In short, fun, slightly different adventure, good roleplaying opportunities, nasty final boss. Highly recommended!


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Viewpoint: Player

5/5

I love this mod. The kobolds in it are properly sneaky, there's some nice roleplaying, and the fights should have you respecting the nippy little buggers. Some have said it falls down at the higher Tier, but I can't comment on that. At Tier 3-4, it's great!


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Viewpoint: Player & GM

3/5

The encounters mean business, but the framing device is weak. For high-level I hope for more urgency and higher stakes (Sarkorian Prophecy, Wrath of the Accursed spring to mind).

Also, the monsters are built in 'interesting' ways, pulling out the stops to maximise ability while minimising alleged CR.

Spoiler relates to Tier 10-11:

Spoiler:

Harpy warrior 5 is CR 6 with 82 hp and attacks doing 1d8+17? Seriously? Also, the 'odd NPC levels so as to minimise CR increase' thing is getting really old.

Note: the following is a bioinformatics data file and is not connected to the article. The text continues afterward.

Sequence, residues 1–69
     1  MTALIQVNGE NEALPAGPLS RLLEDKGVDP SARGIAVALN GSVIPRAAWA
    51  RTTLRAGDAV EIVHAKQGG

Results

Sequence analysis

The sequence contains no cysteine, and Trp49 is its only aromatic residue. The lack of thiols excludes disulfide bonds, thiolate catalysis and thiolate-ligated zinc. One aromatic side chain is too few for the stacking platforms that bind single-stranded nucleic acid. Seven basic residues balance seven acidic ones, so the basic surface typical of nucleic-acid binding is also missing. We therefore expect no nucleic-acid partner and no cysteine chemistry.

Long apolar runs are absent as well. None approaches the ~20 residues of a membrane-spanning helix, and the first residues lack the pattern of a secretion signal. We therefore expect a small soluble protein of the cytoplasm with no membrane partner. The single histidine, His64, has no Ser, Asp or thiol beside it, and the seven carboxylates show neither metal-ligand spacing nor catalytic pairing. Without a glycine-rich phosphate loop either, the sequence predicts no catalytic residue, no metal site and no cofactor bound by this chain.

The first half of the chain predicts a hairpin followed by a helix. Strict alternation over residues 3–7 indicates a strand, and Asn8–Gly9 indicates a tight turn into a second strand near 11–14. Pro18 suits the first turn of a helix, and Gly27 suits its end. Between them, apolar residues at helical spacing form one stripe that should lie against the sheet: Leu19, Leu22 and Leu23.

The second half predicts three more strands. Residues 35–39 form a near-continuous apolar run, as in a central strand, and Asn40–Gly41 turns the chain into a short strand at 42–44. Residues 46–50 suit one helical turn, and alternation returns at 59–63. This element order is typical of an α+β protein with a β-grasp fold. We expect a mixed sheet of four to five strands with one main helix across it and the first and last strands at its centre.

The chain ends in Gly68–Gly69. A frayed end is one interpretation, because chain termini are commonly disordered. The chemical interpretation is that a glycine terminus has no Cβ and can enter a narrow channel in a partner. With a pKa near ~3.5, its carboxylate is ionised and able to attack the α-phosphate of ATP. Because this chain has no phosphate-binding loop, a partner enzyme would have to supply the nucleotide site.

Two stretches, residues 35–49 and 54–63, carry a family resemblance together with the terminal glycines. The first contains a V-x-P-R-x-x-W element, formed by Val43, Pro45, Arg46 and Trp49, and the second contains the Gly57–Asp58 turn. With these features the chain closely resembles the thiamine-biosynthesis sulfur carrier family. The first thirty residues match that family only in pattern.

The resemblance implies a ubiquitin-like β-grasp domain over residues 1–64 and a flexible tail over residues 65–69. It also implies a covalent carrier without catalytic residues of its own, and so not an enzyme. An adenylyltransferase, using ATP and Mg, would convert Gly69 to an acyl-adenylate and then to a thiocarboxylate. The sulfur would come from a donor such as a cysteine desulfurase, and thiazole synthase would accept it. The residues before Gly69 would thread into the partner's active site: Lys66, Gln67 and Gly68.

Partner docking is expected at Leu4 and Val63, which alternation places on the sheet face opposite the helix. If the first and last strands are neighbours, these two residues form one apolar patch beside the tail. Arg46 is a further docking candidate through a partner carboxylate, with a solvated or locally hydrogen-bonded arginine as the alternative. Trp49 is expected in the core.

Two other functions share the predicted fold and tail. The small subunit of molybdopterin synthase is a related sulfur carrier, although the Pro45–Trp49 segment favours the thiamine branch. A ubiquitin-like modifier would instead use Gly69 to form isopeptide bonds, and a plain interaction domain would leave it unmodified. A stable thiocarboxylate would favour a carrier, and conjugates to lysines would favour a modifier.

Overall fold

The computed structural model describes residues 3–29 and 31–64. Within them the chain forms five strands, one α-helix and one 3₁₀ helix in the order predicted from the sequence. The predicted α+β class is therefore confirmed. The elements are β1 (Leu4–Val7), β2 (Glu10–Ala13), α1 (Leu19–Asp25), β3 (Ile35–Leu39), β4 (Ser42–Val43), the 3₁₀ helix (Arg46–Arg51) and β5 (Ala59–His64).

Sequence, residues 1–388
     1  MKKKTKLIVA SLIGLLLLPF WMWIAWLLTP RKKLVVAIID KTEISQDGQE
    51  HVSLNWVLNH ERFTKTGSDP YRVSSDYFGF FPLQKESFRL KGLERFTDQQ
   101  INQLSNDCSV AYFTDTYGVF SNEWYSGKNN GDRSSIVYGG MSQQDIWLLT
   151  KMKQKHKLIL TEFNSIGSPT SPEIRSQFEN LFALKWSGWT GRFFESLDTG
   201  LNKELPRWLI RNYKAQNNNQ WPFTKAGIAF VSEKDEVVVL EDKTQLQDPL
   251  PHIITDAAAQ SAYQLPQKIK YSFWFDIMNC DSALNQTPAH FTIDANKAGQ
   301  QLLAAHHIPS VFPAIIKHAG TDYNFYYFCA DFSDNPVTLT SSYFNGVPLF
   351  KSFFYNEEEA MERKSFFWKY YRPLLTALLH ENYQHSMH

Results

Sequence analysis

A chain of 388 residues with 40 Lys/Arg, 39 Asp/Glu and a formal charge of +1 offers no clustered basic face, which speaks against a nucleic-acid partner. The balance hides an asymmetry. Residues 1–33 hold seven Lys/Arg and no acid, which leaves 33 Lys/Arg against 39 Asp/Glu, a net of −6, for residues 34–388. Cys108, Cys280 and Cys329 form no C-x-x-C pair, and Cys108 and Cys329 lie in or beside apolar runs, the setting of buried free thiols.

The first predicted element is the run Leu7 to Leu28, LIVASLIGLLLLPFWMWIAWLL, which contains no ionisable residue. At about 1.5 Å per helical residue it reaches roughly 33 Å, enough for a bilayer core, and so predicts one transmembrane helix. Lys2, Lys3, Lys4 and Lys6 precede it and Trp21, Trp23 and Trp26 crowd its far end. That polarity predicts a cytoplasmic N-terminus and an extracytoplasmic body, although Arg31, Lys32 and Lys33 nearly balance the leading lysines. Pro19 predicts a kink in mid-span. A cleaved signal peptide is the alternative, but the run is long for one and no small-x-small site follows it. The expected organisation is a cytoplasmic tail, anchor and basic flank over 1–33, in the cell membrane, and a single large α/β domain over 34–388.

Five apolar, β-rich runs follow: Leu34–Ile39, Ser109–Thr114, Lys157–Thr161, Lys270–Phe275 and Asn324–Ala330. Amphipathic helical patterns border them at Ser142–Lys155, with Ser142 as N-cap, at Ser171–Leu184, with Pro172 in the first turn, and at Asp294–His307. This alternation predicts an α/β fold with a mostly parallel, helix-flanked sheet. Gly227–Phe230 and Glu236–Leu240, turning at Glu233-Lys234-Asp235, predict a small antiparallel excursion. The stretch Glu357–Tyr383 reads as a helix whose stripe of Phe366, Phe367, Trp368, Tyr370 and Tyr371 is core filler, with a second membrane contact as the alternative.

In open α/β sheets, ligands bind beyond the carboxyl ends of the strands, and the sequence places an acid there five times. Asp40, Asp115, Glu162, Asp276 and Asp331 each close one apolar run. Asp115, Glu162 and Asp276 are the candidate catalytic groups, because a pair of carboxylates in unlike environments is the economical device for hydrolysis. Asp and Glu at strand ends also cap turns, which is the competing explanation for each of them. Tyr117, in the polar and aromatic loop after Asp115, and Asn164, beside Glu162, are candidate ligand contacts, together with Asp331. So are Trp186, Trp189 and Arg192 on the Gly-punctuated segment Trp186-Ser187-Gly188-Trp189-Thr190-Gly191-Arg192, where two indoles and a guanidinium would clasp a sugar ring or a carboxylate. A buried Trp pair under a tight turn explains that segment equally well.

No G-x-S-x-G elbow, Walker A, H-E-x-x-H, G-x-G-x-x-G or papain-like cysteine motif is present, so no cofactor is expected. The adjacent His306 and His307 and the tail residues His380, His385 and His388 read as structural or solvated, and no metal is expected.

I did find this quite good with a fairly optimised party at Tier 10-11, but the wrong group will be destroyed by the fights in it.

Good if you want a challenge, but be wary of the whiff of cheese.


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Viewpoint: GM (twice)

5/5

The setting is great fun, the premise interesting. It's nice to have a different spin on the briefing and to do something a little different from standard Pathfinder jobs. The encounters can get pretty mean, but I enjoyed it as a GM. It's a fun, sandbox-y romp.


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Viewpoint: GM

2/5

Ugh. The scenario works and makes sense, so it doesn't get a one star. First encounter can be amusing, the rest are a cakewalk. Tactics on the boss are bafflingly poor (and difficult for him to manage), second encounter especially is a bad joke that folds like a wet paper towel. Best to avoid if better scenarios are available.


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Viewpoint: GM

4/5

This plays better than it reads. Nice roleplaying potential and encounter variety. A dull encounter in the middle with little threat potential and the tight confines of the final encounters pulls it down a bit.


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Viewpoint: Player

4/5

Great fun. Amusing setting,varied encounters. Is somewhat dependent on GM skill to make the major plot element memorable. Yet more overuse of the Mountain Pass map loses it some points, though.